Around this time of year bunnies usually visit kids with baskets of jellybeans and chocolate. This March, however, a baby rabbit named Judy “Don’t call me cute!” Hopps bounces into theatres bringing with her a message of tolerance. The new Disney film “Zootopia” is social commentary disguised as a furry and funny cartoon.
Growing up on a carrot farm Judy (Ginnifer Goodwin) has dreamed of being a police officer in the city of Zootopia, despite the fact, as her father (Don Lake) constantly reminds her, “There’s never been a bunny cop.” In fact, her parents preach the virtues of complacency and want her to go into the family business and become a carrot farmer. “It’s OK to have dreams,” says dad, “just as long as you don’t believe in them too much.”
The call to service to too strong, however, and she soon graduates for the Police Academy at the top of her class. Despite her small size (Message #1: Never give up on your dreams.) she’s sent to Zootopia’s city center, a cosmopolitan place filled with hustle and bustle and animals of all shapes and sizes. “In Zootopia,” she says, “anyone can be anything.”
She’s a keener who introduces herself with, “Ready to make the world a better place?” only to be assigned to parking enforcement duty. True to form she becomes the city’s best ticketer (Message #2: Be The Best Version Of You!) but is unsatisfied by the work. When a missing otter case falls into her lap she starts her investigation by questioning a con artist named Nick Wilde (Jason Bateman), a sly fox with a smart mouth and underworld connections. Together (Message #3: We all do better when we work together.) they learn to look past sly fox/dumb bunny stereotypes (Message #4: Er… look past stereotypes and don’t judge others.) and uncover a plot that threatens Zootopia’s basic precept of celebrating one another’s differences. (Message #5: There is beauty and strength in diversity.)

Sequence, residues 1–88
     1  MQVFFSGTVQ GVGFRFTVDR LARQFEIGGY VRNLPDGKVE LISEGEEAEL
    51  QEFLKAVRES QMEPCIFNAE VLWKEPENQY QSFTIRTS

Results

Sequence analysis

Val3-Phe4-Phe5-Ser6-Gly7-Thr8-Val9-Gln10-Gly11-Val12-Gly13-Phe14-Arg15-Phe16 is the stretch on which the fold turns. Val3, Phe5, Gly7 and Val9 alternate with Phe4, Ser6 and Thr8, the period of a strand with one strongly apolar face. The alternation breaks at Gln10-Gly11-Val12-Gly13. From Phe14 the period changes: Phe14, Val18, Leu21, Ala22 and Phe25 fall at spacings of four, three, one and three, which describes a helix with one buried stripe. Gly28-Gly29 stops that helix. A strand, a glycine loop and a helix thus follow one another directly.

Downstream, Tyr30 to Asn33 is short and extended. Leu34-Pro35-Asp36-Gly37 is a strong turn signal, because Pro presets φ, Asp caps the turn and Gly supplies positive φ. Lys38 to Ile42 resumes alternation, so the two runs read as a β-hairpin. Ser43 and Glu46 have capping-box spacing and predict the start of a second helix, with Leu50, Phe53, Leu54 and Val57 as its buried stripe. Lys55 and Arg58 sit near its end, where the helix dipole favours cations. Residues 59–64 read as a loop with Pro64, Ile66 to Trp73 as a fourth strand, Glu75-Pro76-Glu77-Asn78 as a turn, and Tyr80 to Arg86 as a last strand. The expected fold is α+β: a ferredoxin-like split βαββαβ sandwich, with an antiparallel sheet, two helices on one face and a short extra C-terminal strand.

There are more messages in “Zootopia” than in Hillary Clinton’s private server’s spam folder but the film doesn’t feel like a Successories motivational poster come to life. The life lessons are nicely woven into the story and washed down with a spoonful of humour. Kids and parents alike should find Flash, the fastest sloth at the DMV funny, although for very different reasons, while a “Godfather” take-off will likely mean nothing to children but give older folks a chuckle.
Co-directors Byron Howard, Rich Moore and Jared Bush pack every inch of the frame with in-jokes, like a billboard for Zuber car services, the carrot logo on a smart phone, or my favourite, the sloth’s mug that reads “You want it when?” If the messages don’t connect the animation will.
“Zootopia” is more than just another cartoon to entertain the eye. It’s a timely and relevant children’s tale with a social agenda.